APPEAL from the Circuit Court of Cook County; the Hon. CHARLES
S. DOUGHERTY, Judge, presiding.
MR. JUSTICE SCHAEFER DELIVERED THE OPINION OF THE COURT:
Mrs. Bess S. Brown owned a parcel of land that was acquired by the city of Chicago in this eminent domain proceeding. The amount awarded for the property, $9,500, was deposited with the county treasurer in accordance with the statute. (Ill. Rev. Stat. 1959, chap. 47, par. 14.) Delinquent real-property taxes for the years 1930 through 1960 amounted to more than $10,000, and the county treasurer claimed the entire amount deposited. Mrs. Brown's petition claiming a homestead exemption of $2,500 under the Homestead Act (Ill. Rev. Stat. 1959, chap. 52, pars 1-2) was dismissed, and she has appealed directly to this court.
Although the parties have not raised the question, we must first determine whether this court has jurisdiction upon direct appeal. Petitioner bases our jurisdiction upon two grounds: first, that a freehold is involved, and, second, that the case relates to the revenue. (Ill. Rev. Stat. 1959, chap. 110, par. 75.) The first ground is untenable because the existence of a homestead estate in the petitioner prior to the filing of the eminent domain petition was not challenged in the trial court, and is not challenged here. The only question is whether the admitted freehold estate (see Ketcham v. Ketcham, 269 Ill. 584; Gillespie v. Fulton Oil and Gas Co. 236 Ill. 188) is subject to the county treasurer's claim for taxes, and under these circumstances a freehold is not involved. Jones v. Hodges, 1 Ill.2d 415, 418.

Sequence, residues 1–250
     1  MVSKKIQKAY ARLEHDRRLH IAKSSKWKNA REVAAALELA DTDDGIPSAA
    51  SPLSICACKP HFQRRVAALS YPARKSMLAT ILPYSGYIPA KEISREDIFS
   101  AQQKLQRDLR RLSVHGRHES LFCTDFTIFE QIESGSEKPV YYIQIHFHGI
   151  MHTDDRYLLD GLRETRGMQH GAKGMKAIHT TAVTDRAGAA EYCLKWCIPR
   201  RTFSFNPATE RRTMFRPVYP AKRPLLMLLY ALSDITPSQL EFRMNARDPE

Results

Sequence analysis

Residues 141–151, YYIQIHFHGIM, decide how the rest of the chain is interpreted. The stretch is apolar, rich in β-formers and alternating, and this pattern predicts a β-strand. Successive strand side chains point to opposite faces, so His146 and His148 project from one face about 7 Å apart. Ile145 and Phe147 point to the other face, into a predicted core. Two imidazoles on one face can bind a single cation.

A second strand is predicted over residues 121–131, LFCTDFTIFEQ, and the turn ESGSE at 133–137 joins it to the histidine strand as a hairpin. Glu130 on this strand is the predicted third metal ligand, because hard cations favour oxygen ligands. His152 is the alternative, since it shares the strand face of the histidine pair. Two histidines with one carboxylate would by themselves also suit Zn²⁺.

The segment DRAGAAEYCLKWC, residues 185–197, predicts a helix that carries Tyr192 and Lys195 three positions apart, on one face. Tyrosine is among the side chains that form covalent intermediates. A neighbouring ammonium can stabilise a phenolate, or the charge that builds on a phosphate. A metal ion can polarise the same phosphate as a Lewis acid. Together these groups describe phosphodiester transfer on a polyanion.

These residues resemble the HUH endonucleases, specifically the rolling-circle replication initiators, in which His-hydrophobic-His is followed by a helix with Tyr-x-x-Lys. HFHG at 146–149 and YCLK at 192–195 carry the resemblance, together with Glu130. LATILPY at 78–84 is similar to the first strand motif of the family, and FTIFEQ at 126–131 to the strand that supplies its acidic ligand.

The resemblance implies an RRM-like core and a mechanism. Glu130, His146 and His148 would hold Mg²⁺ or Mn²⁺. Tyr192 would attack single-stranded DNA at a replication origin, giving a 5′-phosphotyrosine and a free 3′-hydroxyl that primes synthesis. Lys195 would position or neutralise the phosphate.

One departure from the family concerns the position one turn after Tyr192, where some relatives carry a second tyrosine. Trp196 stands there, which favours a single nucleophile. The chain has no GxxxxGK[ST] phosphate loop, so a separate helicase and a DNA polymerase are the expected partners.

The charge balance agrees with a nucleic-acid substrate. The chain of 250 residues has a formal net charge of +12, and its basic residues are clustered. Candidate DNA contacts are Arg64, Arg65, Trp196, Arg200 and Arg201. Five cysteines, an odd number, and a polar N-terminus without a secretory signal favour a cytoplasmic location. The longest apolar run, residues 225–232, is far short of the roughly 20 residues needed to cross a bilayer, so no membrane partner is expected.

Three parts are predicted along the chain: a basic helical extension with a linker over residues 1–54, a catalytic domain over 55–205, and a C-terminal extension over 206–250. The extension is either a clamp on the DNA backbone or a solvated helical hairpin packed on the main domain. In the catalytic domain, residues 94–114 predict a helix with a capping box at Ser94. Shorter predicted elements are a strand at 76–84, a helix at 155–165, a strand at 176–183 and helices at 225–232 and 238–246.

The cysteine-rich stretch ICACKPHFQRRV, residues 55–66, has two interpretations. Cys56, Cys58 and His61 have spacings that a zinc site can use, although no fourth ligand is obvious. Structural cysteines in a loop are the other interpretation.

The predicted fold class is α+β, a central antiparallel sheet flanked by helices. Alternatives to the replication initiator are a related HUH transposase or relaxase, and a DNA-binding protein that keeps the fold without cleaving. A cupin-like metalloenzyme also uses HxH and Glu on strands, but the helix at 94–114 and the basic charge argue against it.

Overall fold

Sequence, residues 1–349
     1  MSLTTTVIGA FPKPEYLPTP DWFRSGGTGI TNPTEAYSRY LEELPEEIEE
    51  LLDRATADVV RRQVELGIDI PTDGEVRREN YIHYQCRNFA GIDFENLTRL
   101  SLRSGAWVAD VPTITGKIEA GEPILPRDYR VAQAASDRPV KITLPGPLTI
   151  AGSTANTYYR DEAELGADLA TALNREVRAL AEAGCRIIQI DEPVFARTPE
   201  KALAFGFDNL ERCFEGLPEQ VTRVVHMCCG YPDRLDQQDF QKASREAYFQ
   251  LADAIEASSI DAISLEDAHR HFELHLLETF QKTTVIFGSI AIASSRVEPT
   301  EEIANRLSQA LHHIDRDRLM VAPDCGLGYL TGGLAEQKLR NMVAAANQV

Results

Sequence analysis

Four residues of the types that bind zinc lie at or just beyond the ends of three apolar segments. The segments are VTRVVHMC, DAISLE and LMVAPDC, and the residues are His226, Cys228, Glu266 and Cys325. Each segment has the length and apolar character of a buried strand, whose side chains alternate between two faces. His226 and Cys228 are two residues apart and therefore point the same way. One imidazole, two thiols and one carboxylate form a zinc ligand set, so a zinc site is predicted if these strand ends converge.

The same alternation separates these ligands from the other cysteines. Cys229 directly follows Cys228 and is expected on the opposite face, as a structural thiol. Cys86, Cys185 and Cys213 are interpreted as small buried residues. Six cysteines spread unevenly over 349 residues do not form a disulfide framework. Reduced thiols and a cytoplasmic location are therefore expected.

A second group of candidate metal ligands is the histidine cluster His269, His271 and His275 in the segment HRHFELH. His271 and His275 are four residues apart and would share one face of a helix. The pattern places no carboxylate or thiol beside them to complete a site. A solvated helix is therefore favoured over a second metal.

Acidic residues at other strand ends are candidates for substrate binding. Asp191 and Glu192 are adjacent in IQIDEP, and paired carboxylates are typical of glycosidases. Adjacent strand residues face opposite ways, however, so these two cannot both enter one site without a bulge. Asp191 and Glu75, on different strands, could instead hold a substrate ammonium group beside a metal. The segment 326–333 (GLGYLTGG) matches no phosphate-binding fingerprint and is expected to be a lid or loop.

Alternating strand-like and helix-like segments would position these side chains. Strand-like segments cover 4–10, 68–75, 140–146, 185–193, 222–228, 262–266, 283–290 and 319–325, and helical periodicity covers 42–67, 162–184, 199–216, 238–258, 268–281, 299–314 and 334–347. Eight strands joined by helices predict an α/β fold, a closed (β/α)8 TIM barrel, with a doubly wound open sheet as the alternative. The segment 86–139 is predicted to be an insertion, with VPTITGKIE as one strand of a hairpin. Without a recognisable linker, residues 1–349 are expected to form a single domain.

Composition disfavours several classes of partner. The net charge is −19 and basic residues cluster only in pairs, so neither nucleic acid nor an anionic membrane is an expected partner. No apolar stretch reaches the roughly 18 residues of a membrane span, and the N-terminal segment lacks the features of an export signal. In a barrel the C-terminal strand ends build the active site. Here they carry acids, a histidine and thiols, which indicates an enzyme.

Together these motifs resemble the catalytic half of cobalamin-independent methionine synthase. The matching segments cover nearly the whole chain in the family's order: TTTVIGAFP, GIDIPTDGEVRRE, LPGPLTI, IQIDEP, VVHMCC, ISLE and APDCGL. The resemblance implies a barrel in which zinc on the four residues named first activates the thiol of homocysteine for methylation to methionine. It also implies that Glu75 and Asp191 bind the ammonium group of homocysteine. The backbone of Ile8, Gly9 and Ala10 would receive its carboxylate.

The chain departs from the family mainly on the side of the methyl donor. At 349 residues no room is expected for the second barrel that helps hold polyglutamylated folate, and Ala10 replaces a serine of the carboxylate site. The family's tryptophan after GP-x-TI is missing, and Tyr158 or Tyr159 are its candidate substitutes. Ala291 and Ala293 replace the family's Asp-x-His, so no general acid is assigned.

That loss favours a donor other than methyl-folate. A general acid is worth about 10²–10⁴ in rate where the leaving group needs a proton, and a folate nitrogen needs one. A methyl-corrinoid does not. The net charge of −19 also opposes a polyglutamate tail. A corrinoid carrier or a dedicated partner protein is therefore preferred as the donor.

Whether or not the case relates to the revenue, in the jurisdictional sense, is not so clear. The doubt stems from subsequent interpretations of what was held in Reed v. Village of Chatsworth, 201 Ill. 480. In that case both the village and the township highway commissioners claimed certain money that had been collected on account of road and bridge taxes and was in the hands of the county treasurer. The court said (p. 482): "Our view is that the question of revenue can only be at issue when some recognized authority of the State, or some of the municipalities authorized by law to assess or collect taxes, are attempting to proceed under the law and questions arise between them and those of whom the taxes are demanded. Here the tax is already collected and in the hands of the county treasurer, and no question arises between those who levied the tax and those who paid it."
Subsequently, in City of Chicago v. McDonough, 351 Ill. 200, which was a case like the one now before us, the court relied upon the Reed case, and held, over the dissents of Justices Dunn and DeYoung, that the revenue was not involved. The opinion stated, p. 203: "The issue presented here relates only to whether the appellant [the property owner] shall have possession of the entire sum remaining in the hands of the county treasurer or whether certain taxes and costs shall be paid and deducted therefrom. The revenue would not even be incidentally or remotely affected by the result except in point of time such taxes are paid." A similar position was taken in City of Chicago v. McCausland, 374 Ill. 34, where the court said, p. 36:: "Only conflicting claims to the money in the hands of the county treasurer are presented by this record."